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As a New York institution and part of the City University of New York, John Jay College is home to many who want to drive real-world reform to make New York communities stronger. Our unique research centers provide evidence-based partnerships and guidance that city officials and state legislators need to create better policy. Read on for a quick look at the impactful work they are doing in New York, or read the full story in our latest issue of Impact research magazine.
The Prisoner Reentry Institute has been a research center since 2005, when it was founded to help people live successfully in their communities after contact with the criminal justice system. The center, directed by Ann Jacobs, engages in a combination of public advocacy, direct service, and collaborative partnerships to promote a range of reentry practices, with a focus on creating pathways from justice involvement to education and career advancement.
In pursuit of that goal, PRI advocates for higher education in prisons, priming what they call the “prison-to-college pipeline.” They recently produced a report mapping higher education opportunities in New York State prisons, finding that only 3% of more than 45,000 people in New York prisons were participating in higher education programs, despite expanded funding.
PRI is also interested in post-incarceration advocacy. A work group, led by PRI’s Director of Public Policy Alison Wilkey and comprised of local stakeholders, is working to change the New York City Housing Authority’s policies excluding residents who have been arrested. The work group’s actions, including the creation of a clearer exemption application, new guidelines limiting the use of exclusions, and tenant education, have helped reduce the number of people excluded from NYCHA housing 50% from 2016 to 2018.
A team of Research and Evaluation Center researchers is evaluating Cure Violence, a public health approach to violence reduction.The program relies on neighborhood-based workers, often with a history of justice involvement, mediating and working with younger people in the neighborhood to keep them from going down a violent path.
“Politically, it’s a difficult program to operate,” says REC Director Jeff Butts, because city officials are often wary of Cure Violence workers’ criminal histories. But REC has found that Cure Violence sites in the South Bronx and Brooklyn have seen greater violence reductions than comparison sites. According to Butts, explaining the research and the results clearly to the public is key to shifting policy. “You can’t change policy, no matter how smart you are, just by publishing articles in academic journals.”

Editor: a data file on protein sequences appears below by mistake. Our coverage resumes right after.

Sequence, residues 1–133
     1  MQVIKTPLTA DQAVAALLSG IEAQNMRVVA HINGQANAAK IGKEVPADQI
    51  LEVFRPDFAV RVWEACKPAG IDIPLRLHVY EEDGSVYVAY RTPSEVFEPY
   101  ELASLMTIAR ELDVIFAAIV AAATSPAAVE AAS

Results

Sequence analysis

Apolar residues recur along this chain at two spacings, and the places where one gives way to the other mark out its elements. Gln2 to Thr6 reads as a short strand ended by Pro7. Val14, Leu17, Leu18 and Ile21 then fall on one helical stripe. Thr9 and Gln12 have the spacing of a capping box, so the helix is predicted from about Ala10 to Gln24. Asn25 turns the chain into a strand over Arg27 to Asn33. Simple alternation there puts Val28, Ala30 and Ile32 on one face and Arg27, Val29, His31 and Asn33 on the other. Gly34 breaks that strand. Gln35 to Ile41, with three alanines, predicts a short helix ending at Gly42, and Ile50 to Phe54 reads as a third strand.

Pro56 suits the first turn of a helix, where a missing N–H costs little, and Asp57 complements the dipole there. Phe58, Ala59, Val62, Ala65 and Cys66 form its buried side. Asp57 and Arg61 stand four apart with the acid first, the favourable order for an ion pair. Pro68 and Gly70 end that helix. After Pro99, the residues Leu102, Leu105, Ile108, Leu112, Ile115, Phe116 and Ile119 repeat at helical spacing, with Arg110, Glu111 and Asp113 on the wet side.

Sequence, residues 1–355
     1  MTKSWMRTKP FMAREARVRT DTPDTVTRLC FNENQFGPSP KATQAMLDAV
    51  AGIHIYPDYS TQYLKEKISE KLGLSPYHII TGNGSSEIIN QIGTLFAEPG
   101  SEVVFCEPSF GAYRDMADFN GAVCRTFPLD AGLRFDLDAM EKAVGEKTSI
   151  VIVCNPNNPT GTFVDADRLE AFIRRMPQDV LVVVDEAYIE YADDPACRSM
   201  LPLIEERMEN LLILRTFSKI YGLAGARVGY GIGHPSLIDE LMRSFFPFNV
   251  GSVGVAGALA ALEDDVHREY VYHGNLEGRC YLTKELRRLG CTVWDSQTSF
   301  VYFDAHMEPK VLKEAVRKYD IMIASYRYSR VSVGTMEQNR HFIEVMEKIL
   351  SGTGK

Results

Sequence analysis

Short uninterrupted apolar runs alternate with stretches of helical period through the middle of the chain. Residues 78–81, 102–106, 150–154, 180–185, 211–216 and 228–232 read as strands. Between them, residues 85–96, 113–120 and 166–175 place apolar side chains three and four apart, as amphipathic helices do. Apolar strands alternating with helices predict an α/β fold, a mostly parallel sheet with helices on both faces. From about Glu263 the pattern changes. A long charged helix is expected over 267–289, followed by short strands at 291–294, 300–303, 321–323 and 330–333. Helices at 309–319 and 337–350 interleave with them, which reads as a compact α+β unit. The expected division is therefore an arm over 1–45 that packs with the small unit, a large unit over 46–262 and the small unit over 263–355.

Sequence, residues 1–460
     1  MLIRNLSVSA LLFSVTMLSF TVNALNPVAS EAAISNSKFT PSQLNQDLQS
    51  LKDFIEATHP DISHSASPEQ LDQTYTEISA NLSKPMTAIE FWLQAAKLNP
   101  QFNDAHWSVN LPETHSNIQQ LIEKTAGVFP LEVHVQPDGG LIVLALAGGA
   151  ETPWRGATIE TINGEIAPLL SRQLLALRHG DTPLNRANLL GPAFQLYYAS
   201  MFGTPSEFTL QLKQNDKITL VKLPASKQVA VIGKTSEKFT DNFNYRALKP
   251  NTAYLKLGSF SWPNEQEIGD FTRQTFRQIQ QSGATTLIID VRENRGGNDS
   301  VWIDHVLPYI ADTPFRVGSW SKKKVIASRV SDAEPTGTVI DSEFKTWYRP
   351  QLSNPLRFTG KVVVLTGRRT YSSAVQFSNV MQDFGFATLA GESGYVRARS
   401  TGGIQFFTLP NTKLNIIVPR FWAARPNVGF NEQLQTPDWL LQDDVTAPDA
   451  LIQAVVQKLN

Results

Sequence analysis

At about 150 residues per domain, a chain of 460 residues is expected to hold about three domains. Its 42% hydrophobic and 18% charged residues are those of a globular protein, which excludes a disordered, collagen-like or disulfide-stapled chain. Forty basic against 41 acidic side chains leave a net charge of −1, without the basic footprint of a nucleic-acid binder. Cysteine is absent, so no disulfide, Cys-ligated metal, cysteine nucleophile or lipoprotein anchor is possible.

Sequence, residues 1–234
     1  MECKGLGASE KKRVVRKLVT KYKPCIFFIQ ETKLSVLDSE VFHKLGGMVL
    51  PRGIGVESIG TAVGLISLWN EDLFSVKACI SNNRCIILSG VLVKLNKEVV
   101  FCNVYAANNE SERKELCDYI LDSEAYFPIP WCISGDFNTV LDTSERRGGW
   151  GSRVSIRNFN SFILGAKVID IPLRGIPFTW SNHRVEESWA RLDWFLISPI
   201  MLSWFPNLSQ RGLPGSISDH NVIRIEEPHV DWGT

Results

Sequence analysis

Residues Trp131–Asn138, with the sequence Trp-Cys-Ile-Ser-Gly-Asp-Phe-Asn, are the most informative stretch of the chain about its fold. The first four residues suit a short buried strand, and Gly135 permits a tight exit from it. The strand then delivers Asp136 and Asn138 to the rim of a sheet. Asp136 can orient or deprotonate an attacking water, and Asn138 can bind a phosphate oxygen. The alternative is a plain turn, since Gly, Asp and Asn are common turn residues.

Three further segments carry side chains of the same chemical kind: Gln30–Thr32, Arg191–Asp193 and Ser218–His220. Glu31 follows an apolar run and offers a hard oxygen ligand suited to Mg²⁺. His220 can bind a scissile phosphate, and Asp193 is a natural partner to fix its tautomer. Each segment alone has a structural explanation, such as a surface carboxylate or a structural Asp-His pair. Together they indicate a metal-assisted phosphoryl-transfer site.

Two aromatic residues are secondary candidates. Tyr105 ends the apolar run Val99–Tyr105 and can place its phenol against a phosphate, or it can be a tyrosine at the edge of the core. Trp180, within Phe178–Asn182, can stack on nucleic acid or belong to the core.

Less Punishment, Less Crime
Violence isn’t the only type of crime that can be reduced with less punitive solutions. Director of research project From Punishment to Public Health (P2PH) Jeff Coots holds that alternatives to incarceration can not only reduce the use of prison and jail terms, but also offer rehabilitative services to people in need. “Punishment alone is not getting us the public safety outcomes we want,” he says. “How do we identify public health-style solutions that can respond where punishment does not, and isolation will not?”
Among P2PH’s signature initiatives is a pilot project to use pre-arrest diversion for minor offenses committed by the homeless. Many of those cases were previously decided at arraignment, denying arrestees the chance to connect with needed services. The pilot has reduced the number of people arrested and increased the number connected with services like transitional housing and health treatment.
In general, Coots believes policymakers are increasingly open to health interventions as an alternative to incarceration. “We don’t want the jail to be the biggest mental health provider in our community.”
Justice by the Numbers
The Data Collaborative for Justice is invested in documenting the scale of the criminal justice footprint, in New York and a network of other cities, and
considering solutions to reduce it. DCJ explores high-contact points in the system, including pretrial detention and incarceration in New York City jails. A major project for the center has been to produce an evaluation of the 2016 Criminal Justice Reform Act, passed by the New York City Council to “create more proportional penalties for certain low-level, nonviolent offenses.” With support from the Mayor’s Office of Criminal Justice, DCJ’s evaluation shows that the CJRA seems to be achieving its aims — 90% of summonses for five high-volume offenses like noise violations and littering are now civil rather than criminal, with an associated decline in criminal warrants.
The positive impact of this legislation has the potential to push policy change in other areas by informing conversations with lawmakers. DCJ works closely with city and state agencies to gather data and make it available to policymakers so they have the resources to make evidence-based decisions. “Policy neutrality is an important part of DCJ’s mission and outlook,” says Project Director Kerry Mulligan. “That has allowed us to be a trusted broker with a diverse set of data partners.”
Among John Jay College’s research centers and projects, some researchers are building the evidence base, while others are rolling up their sleeves to help cities implement and evaluate solutions on the ground. In each case, the vital goal is making communities safer. Says REC’s Jeff Butts, “You have to put the evidence in front of [policymakers] on a regular basis in order to get the political culture to start to shift.”
For the full feature, please visit the John Jay Faculty and Staff Research page to read the whole magazine in PDF form!
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